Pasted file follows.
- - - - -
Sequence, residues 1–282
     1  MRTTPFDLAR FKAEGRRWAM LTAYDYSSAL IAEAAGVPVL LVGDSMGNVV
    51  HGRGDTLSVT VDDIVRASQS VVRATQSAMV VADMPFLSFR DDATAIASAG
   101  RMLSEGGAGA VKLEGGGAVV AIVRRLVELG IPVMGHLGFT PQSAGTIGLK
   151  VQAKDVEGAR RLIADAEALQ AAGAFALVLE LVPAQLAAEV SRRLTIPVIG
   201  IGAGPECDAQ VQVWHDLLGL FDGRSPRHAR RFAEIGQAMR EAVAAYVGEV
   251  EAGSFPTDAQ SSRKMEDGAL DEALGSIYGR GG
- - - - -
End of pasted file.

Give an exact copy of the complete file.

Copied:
Sequence, residues 1–282
     1  MRTTPFDLAR FKAEGRRWAM LTAYDYSSAL IAEAAGVPVL LVGDSMGNVV
    51  HGRGDTLSVT VDDIVRASQS VVRATQSAMV VADMPFLSFR DDATAIASAG
   101  RMLSEGGAGA VKLEGGGAVV AIVRRLVELG IPVMGHLGFT PQSAGTIGLK
   151  VQAKDVEGAR RLIADAEALQ AAGAFALVLE LVPAQLAAEV SRRLTIPVIG
   201  IGAGPECDAQ VQVWHDLLGL FDGRSPRHAR RFAEIGQAMR EAVAAYVGEV
   251  EAGSFPTDAQ SSRKMEDGAL DEALGSIYGR GG